Question by Question Grading

In the previous version of Google Forms quizzes, multiple choice and short answer questions could be graded automatically. The short answer has some issues of being unreliable. If a student spells a response incorrectly or add/misses capitalization, the answer is automatically counted as incorrect. This would cause the teacher to have to go into each individual response, scroll the specific question, and reevaluate the response. This is especially time-consuming. Now the teacher has the ability to look at that specific question and analyze every student's response. The teacher can then quickly adjust grades by simply selecting the green check-mark to accept a response; all other responses can be left as is. This is also handy if partial credit is necessary. If a question is worth two points and a student is on the right track, the teacher can simply add a single point to that response. 

The most important scenario as to why question by question grading is important in Google Forms quizzes is in the case of an extended response. To get a more accurate measure of a student's learning, multi-faceted and reflective questions are necessary. These types of questions obviously require more time. The best way to assess these types of question is to focus on one question at a time instead of looking at the student's entire quiz. It saves time for the teacher to have a specific focus while analyzing responses. The question by question feature allows the teacher to accomplish just that. 

Most people are hands-on and would rather jump right in and start trying this feature. You can find it in the exact same place as where the quizzes already exist. You'll see the option in the same place teachers could view student individual responses... 

If you prefer to see it in action first, I made a practice quiz and a quick demonstration of how the viewing of questions can be an asset to you. 

Wednesday, June 21, 2017

Be Internet Awesome with Google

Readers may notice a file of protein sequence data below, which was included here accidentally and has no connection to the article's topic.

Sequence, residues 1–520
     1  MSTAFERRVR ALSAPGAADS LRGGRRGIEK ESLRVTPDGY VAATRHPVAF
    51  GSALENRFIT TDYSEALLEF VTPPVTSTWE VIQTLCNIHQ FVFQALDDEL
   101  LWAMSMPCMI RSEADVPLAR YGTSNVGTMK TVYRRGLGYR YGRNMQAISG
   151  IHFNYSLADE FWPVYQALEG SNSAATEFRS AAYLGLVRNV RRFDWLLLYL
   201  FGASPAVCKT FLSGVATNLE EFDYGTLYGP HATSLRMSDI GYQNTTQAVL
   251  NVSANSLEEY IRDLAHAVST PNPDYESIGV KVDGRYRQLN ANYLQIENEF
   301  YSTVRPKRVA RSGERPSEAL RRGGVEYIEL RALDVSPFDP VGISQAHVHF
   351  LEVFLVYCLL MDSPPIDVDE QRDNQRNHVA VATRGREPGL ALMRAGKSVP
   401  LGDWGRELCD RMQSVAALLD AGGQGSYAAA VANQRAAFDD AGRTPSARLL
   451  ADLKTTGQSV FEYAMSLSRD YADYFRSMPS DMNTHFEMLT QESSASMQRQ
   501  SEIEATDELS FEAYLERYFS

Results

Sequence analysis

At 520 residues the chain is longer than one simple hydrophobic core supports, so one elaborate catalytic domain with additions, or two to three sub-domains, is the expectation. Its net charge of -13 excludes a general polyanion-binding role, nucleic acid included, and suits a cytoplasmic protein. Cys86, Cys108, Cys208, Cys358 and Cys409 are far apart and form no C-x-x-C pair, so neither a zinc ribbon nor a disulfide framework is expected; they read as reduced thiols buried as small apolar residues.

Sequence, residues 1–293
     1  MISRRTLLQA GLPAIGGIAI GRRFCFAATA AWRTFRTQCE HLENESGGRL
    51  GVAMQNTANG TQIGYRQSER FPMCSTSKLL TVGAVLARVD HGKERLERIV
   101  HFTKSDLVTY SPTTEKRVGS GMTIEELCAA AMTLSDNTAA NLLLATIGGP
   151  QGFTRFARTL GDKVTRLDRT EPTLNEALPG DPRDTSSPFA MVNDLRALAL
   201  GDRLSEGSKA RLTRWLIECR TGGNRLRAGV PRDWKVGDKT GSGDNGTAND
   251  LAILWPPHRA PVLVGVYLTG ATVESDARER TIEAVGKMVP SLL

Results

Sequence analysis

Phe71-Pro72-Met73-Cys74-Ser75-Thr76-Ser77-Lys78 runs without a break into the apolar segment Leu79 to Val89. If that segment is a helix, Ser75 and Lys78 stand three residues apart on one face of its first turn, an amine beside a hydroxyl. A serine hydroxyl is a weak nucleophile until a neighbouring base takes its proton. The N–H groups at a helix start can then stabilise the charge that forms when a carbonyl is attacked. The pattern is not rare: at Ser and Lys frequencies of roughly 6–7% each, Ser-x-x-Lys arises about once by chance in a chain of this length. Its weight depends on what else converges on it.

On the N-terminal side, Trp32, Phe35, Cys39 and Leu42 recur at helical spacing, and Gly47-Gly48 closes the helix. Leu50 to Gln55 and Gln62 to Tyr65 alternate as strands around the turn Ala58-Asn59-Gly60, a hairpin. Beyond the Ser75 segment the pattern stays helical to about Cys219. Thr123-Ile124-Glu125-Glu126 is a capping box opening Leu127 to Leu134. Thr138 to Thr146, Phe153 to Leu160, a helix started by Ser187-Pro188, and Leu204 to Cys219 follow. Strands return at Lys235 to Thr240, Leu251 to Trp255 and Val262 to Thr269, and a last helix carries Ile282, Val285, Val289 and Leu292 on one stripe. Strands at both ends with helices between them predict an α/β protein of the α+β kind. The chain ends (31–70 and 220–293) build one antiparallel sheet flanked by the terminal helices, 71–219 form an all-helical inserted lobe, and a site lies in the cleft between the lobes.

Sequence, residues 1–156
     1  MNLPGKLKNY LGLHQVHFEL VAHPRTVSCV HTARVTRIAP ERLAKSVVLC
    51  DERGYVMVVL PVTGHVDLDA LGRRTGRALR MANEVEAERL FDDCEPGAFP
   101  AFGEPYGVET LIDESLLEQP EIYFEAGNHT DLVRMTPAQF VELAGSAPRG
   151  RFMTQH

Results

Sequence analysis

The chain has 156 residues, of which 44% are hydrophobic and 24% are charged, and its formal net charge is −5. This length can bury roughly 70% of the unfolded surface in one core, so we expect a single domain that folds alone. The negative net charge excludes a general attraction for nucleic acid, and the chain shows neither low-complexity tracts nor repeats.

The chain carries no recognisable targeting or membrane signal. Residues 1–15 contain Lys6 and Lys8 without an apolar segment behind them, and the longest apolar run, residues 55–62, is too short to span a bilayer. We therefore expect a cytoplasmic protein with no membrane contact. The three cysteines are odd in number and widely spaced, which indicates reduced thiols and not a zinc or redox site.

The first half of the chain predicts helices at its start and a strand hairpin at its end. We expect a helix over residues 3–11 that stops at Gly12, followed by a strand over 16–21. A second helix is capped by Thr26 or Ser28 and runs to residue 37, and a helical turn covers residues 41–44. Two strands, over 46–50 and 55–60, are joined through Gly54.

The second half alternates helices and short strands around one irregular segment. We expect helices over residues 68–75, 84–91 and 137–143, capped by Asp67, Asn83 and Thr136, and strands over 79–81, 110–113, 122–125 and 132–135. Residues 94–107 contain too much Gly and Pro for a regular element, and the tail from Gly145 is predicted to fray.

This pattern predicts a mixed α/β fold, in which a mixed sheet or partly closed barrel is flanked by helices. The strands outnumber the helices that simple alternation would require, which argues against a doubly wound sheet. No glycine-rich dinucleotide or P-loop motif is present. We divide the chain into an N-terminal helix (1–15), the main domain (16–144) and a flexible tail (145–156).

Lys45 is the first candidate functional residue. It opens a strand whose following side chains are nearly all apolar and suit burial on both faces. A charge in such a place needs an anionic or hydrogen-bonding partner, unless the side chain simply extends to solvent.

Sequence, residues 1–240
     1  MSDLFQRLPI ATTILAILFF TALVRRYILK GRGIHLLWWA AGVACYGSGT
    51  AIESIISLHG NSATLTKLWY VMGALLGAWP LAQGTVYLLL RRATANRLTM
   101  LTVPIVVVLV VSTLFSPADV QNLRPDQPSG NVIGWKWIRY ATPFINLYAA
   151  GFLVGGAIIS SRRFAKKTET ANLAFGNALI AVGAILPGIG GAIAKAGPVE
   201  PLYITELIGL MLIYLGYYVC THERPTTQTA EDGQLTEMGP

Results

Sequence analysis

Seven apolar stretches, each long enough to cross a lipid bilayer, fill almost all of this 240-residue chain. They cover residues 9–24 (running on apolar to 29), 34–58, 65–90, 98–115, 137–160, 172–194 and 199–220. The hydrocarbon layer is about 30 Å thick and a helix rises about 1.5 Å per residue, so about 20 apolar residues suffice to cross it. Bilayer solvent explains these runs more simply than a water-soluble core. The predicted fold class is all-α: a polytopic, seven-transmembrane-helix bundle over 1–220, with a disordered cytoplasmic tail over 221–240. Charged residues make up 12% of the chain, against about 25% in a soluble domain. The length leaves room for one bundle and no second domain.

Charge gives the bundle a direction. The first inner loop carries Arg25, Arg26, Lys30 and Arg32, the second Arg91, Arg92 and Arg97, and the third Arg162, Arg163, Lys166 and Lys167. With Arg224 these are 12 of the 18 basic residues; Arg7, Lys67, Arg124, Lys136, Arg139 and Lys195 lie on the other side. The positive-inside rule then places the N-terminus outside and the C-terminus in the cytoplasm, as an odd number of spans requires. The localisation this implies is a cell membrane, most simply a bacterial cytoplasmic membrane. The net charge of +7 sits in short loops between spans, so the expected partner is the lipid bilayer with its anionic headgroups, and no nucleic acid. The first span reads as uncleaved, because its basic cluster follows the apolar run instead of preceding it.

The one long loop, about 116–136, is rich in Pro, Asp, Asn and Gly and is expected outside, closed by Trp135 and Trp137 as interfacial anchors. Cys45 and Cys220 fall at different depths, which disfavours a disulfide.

Digital Citizenship

Great resources for teaching students to be Internet savvy are here! It is a necessity to be smart about security and digital footprint conscious. We are molding the future of Internet users each and every day. It doesn't matter if you are in a 1:1 technology environment, have carts of devices you wheel into your classroom, or if you take your students to the computer lab once a week, training students to be wise online is a part of what we do. 

Google just launched a new site with more opportunities for students and teachers alike. If you visit, users can access a wide range of resources. 


Interland is an online game for elementary students to navigate through some of the tough questions we face with the troubles of the Internet. As students navigate through Interland, they explore the concepts of being kind online, secure passwords, information protection, and being Internet savvy. Each world focuses on a different area of being Internet awesome. The worlds are as follows:

Kind Kingdom

Students should be aware that what they say online can affect others. Online bullies should be reported or blocked to create a safe environment for others. This world consists of the user spreading positive messages to others and taking action when bullies are present. 

Reality River

There are a lot of schemes and tricks online to get your to give up personal information and/or buy unwanted services. Being aware that these advertisements and schemes exist will help students to think twice before clicking on them. This world has a series of scenarios where these schemes exist and make the best choice. 

Mindful Mountain

Being conscious of what you share with whom you share is important. Not all information is necessary for the whole world to see. This world runs the user through a series of scenarios and causes him/her to question what information should be shared and with whom. 

Tower of Treasure

Password security is important. Users should change their passwords often to keep data secure. They should also utilize a series of upper and lower case letters along with numbers and symbols. The users collect letters, numbers, and symbols to build a secure password. 

Resources for Teachers


Along with Interland for students, there are also great resources for teachers. Interland shouldn't be used in isolation. The information in the game will not be very meaningful unless there is deeper content taught in conjunction with the game. There is an online curriculum (that can be downloaded) that has a series of lessons and activities to go through with your students. The students should be discussing online safety and their digital footprint to make it meaningful. 

Teacher Training Course

Google is also offering a Digital Citizenship and Safety Course for teachers. To complete the course, the teacher must read through content, watch a few short videos, and answer questions pertaining to online safety. It would be good for all teachers to go through this content. I found it to be beneficial as reminders of things I should be doing to make sure my information is kept secure. 

MSDSC Teachers

If you are a teacher in my school district, please complete the course. If you do so and receive your certificate of completion, forward it to me via email and I will send you a certificate for two Professional Growth Points. 

What's in the Video

The video below gives an overview of where to find all the contents listed in this blog post. I go through how to access Interland, the online safety curriculum, and the teacher training course. So check it out and be Internet awesome!